The symmetric functions catalog

An overview of symmetric functions and related topics

2020-04-21

General representation theory

Representation of a group

Let $G$ be a group and $V$ a vector space. A representation is a map $\rho$ that sends elements in $G$ to linear maps on $V,$ with the condition that it is compatible with the group structure. To be precise, let $\psi_g : V \to V$ be the linear map on $V$ we associate with $g \in G.$ Then

\[ \psi_{g_1 g_2} = \psi_{g_1} \circ \psi_{g_2} \text{ for all } g_1,g_2 \in G. \]

Thus, a representation is a group homomorphism $\rho : G \to GL(V).$

Example.

Let $G = \symS_n$ and $V=\setC[x_1,\dotsc,x_n].$ Note that $V$ is not finite-dimensional. Then we let $G$ acts on $V$ by permuting the indices of the variables. By picking a basis of monomials of $V,$ then $\rho$ sends a permutation $g \in G$ to a permutation matrix in $GL(V).$

Irreducible representation

Let $W \subset V$ be a subspace and $\rho:G \to GL(V)$ be a representation. If $\rho(g)w \in W$ for all $w \in W,$ then we say that $W$ is $G$-invariant.

If the only $G$-invariant subspaces of $V$ is $V$ itself and $\{0\},$ then we say that $\rho$ is an irreducible representation.

Every representation can be decomposed as a direct sum irreducible representations. That is, if $\rho: G \to V$ is a representation, we can write $V = V_1 \oplus \dotsb \oplus V_k$ such that for every $i,$ we have

\[ \rho(g) v \in V_i \; \text{ for all }\; v \in V_i \]

and $\rho:G \to V_i$ is an irreducible representation. Here, one needs to be a bit more formal and restrict the maps in an appropriate fashion.

Tensor products

If $\rho_1$ and $\rho_2$ are two representations of $G,$ sending group elements to elements in $GL(V)$ and $GL(W),$ then we define the tensor product of representations as the map sending $g$ to the tensor product of the individual images:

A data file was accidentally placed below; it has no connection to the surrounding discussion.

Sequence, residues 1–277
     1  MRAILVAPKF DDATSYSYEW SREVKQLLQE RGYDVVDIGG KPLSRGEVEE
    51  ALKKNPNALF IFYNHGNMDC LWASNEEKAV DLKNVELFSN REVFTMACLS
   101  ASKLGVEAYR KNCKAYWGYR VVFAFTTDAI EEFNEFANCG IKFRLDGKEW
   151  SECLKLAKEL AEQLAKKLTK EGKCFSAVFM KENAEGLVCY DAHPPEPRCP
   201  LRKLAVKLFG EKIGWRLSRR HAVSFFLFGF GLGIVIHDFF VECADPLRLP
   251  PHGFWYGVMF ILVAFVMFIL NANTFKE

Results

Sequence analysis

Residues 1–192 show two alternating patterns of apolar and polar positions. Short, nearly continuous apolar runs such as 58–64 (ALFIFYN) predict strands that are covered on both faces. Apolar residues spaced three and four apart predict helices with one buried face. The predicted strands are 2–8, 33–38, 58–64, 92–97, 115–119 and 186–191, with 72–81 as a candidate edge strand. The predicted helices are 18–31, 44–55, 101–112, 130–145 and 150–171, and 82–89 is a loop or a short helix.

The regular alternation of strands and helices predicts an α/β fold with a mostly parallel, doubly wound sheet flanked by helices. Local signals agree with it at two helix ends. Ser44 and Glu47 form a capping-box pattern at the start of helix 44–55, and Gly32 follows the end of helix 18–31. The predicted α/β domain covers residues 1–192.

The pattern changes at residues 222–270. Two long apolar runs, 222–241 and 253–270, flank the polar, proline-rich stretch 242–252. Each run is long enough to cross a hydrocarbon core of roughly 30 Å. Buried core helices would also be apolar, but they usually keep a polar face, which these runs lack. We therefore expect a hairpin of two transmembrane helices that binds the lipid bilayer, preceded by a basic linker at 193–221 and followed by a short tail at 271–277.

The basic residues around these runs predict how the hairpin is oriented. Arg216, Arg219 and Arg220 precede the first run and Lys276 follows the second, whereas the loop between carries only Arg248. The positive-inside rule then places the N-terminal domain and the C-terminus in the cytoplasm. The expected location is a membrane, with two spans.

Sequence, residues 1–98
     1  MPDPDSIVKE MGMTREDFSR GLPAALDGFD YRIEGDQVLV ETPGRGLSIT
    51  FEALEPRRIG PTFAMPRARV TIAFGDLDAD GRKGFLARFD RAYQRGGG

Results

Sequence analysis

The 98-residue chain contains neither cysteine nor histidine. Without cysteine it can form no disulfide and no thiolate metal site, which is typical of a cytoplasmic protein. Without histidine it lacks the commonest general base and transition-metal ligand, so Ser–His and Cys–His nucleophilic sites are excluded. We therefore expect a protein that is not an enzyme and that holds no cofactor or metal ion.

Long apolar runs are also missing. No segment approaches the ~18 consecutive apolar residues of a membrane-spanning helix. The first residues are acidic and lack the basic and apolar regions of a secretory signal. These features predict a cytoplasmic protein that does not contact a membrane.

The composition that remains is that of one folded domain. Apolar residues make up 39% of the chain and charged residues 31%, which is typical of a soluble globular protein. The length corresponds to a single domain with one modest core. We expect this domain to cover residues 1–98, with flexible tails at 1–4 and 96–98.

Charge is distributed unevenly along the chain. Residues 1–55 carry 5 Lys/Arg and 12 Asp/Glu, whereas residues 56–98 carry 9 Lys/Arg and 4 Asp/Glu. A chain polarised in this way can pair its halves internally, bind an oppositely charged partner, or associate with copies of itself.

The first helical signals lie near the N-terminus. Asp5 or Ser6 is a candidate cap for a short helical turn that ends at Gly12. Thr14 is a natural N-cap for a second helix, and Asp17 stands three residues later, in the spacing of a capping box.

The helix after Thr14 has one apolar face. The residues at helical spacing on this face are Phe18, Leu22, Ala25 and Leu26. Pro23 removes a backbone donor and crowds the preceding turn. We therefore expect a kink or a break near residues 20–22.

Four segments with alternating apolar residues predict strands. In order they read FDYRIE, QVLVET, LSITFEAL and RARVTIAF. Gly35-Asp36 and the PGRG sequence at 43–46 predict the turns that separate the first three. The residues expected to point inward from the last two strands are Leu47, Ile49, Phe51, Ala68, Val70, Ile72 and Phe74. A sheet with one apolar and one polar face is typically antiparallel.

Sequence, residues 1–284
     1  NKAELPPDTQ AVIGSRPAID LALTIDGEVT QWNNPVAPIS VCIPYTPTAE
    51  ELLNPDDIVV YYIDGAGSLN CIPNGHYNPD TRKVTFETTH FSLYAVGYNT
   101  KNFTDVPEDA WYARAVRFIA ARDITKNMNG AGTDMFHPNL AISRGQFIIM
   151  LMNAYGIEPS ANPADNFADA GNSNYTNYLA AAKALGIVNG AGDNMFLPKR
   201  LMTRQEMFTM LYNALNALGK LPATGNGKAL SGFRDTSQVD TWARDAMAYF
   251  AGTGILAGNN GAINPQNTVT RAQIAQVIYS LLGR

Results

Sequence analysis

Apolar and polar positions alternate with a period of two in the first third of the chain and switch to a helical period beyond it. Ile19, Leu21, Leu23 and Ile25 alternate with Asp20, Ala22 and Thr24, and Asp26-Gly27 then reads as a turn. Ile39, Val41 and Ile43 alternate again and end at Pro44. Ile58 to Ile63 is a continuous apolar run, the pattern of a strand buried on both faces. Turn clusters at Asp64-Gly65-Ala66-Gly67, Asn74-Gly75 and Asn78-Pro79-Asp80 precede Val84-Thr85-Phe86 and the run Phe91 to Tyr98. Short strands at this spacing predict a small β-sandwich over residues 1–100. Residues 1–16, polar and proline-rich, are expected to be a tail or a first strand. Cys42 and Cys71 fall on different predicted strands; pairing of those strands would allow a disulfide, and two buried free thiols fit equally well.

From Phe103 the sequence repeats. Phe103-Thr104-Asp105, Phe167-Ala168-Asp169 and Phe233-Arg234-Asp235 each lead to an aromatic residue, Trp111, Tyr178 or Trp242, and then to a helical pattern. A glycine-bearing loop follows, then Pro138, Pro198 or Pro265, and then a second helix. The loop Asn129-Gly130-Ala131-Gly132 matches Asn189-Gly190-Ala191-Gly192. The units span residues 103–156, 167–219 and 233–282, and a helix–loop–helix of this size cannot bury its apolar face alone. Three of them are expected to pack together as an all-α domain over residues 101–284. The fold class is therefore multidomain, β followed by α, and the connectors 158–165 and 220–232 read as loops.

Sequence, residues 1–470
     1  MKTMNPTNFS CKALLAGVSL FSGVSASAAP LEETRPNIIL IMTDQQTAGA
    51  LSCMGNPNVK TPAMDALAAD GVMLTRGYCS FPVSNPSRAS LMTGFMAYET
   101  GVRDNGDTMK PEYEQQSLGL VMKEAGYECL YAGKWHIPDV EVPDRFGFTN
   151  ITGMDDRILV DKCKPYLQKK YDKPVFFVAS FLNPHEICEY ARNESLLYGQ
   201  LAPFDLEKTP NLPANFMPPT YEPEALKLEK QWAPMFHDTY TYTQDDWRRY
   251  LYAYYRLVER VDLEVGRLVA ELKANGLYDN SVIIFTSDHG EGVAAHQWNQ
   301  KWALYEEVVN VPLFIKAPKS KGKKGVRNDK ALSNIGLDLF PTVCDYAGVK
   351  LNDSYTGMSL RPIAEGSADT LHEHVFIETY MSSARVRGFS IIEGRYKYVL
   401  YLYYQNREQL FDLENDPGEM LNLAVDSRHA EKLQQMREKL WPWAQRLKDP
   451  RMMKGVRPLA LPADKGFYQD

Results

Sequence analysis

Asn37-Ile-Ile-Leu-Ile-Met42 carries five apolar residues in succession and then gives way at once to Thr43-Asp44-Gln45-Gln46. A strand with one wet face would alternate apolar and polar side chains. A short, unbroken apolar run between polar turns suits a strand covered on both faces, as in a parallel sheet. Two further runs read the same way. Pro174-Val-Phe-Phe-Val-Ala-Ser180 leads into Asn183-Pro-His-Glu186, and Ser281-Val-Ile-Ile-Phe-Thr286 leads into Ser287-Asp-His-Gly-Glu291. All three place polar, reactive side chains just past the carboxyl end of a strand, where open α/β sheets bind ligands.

\[ (\rho_1 \otimes \rho_2)(g) \coloneqq (\rho_1(g) \otimes \rho_2(g)) \]

Character

Let $\rho: G \to GL(V)$ be a representation of $G.$ Then the character is the map $\chi_{\rho}:G \to \setC,$ defined as $\chi_{\rho}(g) \coloneqq tr( \rho(g)).$

A character is irreducible if it is the character of an irreducible representation.

Representation theory of $\symS_n$

It is very common to consider $\symS_n$ acting on some vector space. This is then an $\symS_n$-module, and a representation of $\symS_n.$

As a typical example of $\symS_n$-modules, we have the Specht modules.

Frobenius characteristic

Let $\chi$ be a class function on $\symS_n.$ We then define the Frobenius characteristic (or Frobenius image) as the map

\[ \frobChar(\chi) \coloneqq \frac{1}{n!} \sum_{\sigma \in \symS_n} \chi(\sigma) \powerSum_\sigma(\xvec) = \sum_{\mu} \chi_\mu \frac{\powerSum_\mu(\xvec)}{z_\mu}. \]

This map has the property that for the irreducible characters $\chi^\lambda$ of $\symS_n,$ which are class functions, we have

\[ \frobChar(\chi^\lambda) = \schurS_\lambda(\xvec). \]

Note that the Hilbert series can be recovered from the Frobenius characteristic. If $M = \bigoplus_k M^k$ is a graded $\symS_n$-module, and

\[ \frobChar(M) = \sum_{k \geq 0} \sum_{\lambda \vdash k} a(\lambda,k) \schurS_\mu(\xvec) \]

then the Hilbert series is given by

\[ \sum_{k \geq 0} t^k \sum_{\lambda \vdash k} a(\lambda,k) f^{\mu} \]

where $f^\mu$ is the number of standard Young tableaux of shape $\mu.$ The Hilbert series can alternatively described simply as $\langle \frobChar(M), \completeH_{1^n} \rangle.$

Computing characters of $\symS_n$

You have an $\symS_n$-module $M$ and wish to compute its Frobenius characteristic $\frobChar_M(\xvec).$ This is the step-by-step guide (inspired by lecture notes by M. Zabrocki).

The same method can be adapted to compute characters for arbitrary finite groups.

  1. We assume that $M$ is the span of some set of polynomials in $\setC[x_1,\dotsc,x_n].$
  2. Use linear algebra and find a basis for $M = \langle \bvec_1,\bvec_2,\dotsc,\bvec_d \rangle.$
  3. For each $\sigma \in \symS_n,$ we compute its character $\chi_M(\sigma)$ as follows. For each $i \in [d],$ solve the linear system \[ \sigma(\bvec_i) = c_{i1} \bvec_1 + c_{i2} \bvec_2 + \dotsb + c_{id} \bvec_d. \] Then $\chi_M(\sigma) \coloneqq c_{11} + c_{22} + \dotsb + c_{dd}.$ This is a type of trace and independent of the choice of basis. It is in fact sufficient to compute $\chi_M(\sigma)$ for each type $\mu,$ as $\chi_M(\sigma)=\chi_M(\tau)$ whenever $\sigma$ and $\tau$ have the same cycle type.